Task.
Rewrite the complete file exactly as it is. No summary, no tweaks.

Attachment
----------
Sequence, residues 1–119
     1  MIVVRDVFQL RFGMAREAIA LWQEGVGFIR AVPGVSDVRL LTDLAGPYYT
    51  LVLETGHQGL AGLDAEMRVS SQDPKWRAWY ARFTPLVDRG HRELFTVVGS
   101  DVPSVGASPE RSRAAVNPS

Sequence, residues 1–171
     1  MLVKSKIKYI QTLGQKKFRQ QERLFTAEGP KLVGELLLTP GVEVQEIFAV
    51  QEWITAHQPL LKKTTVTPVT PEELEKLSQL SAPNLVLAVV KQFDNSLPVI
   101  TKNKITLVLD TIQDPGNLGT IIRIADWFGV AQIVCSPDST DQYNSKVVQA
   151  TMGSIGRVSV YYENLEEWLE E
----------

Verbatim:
Sequence, residues 1–119
     1  MIVVRDVFQL RFGMAREAIA LWQEGVGFIR AVPGVSDVRL LTDLAGPYYT
    51  LVLETGHQGL AGLDAEMRVS SQDPKWRAWY ARFTPLVDRG HRELFTVVGS
   101  DVPSVGASPE RSRAAVNPS

Sequence, residues 1–171
     1  MLVKSKIKYI QTLGQKKFRQ QERLFTAEGP KLVGELLLTP GVEVQEIFAV
    51  QEWITAHQPL LKKTTVTPVT PEELEKLSQL SAPNLVLAVV KQFDNSLPVI
   101  TKNKITLVLD TIQDPGNLGT IIRIADWFGV AQIVCSPDST DQYNSKVVQA
   151  TMGSIGRVSV YYENLEEWLE E